in

Kenyans have until Tuesday to give views on contentious election laws

Kenyans have until Tuesday midday to present their views on the contentious election laws before a Senate committee retreats to compile its report for the House.

The legal affairs committee chaired by Busia Senator Amos Wako has invited interested members of the public and organisations to critique the Election Law (Amendment) Bill that is now the subject of intense debate.

The Bill passed last week provides for use of a manual backup in identification of voters and transmission of election results, in the event the electronic system fails.

The representations may be made orally or by submission of written memoranda addressed to the Clerk of the Senate, according to an advertisement in the local dailies.

The committee is expected to table its report on January 5, after its deadline was extended by a day following the declaration that January 2, will be a national holiday to compensate for the New Year that falls on a Sunday.

Senate Speaker Ekwee Ethuro Ethuro in a special Kenya Gazette notice dated December 30 has recalled the members for a special sitting on Thursday to discuss the report that is expected heighten political temperatures in the House.

On Thursday, the committee met Information Cabinet Secretary Joe Mucheru, Independent Electoral and Boundaries commission (IEBC) Executive officer Ezra Chiloba and Communications Authority of Kenya (CAK) Director-Human Capital and Administration Juma Kandie.

ENHANCE ELECTORAL PROCESS

Mr Chiloba admitted that the National Assembly’s Justice, Legal and Constitutional Affairs chaired by Samuel Chepkonga (Ainabkoi) did not consider vital recommendations they submitted to enhance the electoral process.

Mr Chiloba admitted that the National Assembly’s Justice, Legal and Constitutional Affairs chaired by Samuel Chepkonga (Ainabkoi) did not consider vital recommendations they submitted to enhance the electoral process.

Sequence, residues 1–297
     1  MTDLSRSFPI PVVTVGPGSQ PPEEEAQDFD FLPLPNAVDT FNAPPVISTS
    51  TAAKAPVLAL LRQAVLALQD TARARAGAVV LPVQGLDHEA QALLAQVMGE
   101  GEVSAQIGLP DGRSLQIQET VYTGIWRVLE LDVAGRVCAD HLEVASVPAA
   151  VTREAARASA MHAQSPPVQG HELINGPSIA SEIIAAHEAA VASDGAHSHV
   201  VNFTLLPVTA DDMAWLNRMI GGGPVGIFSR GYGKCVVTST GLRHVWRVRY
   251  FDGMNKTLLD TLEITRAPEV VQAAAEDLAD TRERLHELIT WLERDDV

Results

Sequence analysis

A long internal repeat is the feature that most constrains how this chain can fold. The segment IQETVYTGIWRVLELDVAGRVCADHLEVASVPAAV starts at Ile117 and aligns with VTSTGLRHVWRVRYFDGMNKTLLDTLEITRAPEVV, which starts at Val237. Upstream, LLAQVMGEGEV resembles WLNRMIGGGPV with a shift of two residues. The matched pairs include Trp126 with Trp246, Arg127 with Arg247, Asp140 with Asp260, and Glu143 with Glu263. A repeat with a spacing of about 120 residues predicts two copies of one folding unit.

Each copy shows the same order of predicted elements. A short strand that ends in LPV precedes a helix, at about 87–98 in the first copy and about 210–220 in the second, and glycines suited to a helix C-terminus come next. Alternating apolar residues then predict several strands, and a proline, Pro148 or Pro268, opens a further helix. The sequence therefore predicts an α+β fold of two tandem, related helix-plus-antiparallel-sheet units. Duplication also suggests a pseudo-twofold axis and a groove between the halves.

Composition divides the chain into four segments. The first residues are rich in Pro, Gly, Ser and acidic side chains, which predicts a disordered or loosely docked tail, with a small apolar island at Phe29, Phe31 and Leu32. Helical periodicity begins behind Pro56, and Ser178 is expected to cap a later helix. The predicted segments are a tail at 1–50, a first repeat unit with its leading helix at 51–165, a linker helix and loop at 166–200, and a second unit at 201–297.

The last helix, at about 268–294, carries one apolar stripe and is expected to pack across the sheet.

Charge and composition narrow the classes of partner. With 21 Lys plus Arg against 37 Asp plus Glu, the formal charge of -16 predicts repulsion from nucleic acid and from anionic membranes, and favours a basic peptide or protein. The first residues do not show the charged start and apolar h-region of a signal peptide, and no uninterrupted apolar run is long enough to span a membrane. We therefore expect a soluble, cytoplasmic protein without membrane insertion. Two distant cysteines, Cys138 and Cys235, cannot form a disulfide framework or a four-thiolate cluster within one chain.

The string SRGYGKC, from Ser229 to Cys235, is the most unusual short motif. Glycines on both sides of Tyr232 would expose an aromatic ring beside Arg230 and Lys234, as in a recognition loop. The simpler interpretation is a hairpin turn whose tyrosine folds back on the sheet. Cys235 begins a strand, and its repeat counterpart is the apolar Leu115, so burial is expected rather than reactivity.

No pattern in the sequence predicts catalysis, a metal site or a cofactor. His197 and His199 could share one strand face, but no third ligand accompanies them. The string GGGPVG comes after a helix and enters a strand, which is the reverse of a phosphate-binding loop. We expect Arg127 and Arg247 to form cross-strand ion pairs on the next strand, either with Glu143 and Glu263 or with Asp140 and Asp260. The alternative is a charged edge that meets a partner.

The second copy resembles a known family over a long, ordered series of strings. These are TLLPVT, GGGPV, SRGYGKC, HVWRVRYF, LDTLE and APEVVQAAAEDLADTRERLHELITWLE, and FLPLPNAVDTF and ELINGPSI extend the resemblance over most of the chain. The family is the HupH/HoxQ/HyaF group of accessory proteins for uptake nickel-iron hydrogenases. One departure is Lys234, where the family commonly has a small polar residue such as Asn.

Senate Majority Leader, Prof Kithure Kindiki expressed optimism that a way out of the matter, will be found to help the country move forward.

‘It does not have to be a unanimous way but, the fact that we have given room for Kenyans of different persuasions to express themselves on this matter is an important benefit to our democracy,” Prof Kindiki said.

Morning sittings will begin at 10am whereas the afternoon session will start at 2.30pm to either adopt or reject the committee report.

Chances are high that the matter might be referred to a mediation committee after it emerged that a number of amendments in the bill were not as a result of a consultative process.

Senators Mutula Kilonzo (Makueni) Hassan Omar (Mombasa) and Judith Sijeny (Nominated) argued that a general election is an emotive issue that should not be subjected to political machinations.

They said there is need to instil public confidence in the process to avert a situation where losers feel they were short-changed.

Ms Sijeny said seeking the views of the public on a national issue is a constitutional right that cannot be ignored, as it happened in the National Assembly.

“It is obvious the bill was rushed. It’s premature. It didn’t follow the right stages,” Ms Sijeny said.

END STALEMATE

Mr Kilonzo Jr questioned the motive behind the MPs decision to introduce use of a complementary system for voter identification and transmission of results, without consulting the IEBC.

The opposition has also suspended protests planned for January 4, against the passage of the election laws pending the outcome of the Senate proceedings.

The Senate committee has already met government officials and representatives of religious organisations in a bid to end the stalemate.

On Thursday, the committee met Information Cabinet Secretary Joe Mucheru, Independent Electoral and Boundaries commission (IEBC) Executive officer Ezra Chiloba and Communications Authority of Kenya (CAK) Director-Human Capital and Administration Juma Kandie.

He cited failure by the committee to include facial features and fingerprints as part of the definition of biometrics to aid in identification of voters, as one of the many recommendations the MPs ignored.

Mr Chiloba however, he appealed to political leaders and other partners to manage emerging electoral concerns to enhance trust instead of stoking public mistrust.

“I don’t think the problem is as big as it has been made to appear… We have the capacity as IEBC to deliver a credible poll,” Mr Chiloba said.

Senate Speaker Ekwee Ethuro allowed room for public participation to build consensus following concerns that MPs in the National Assembly, hurriedly passed the bill.

Interior Cabinet Secretary outlaws 89 criminal gangs

Teachers union chiefs praise Matiang’i for restoring exams’ credibility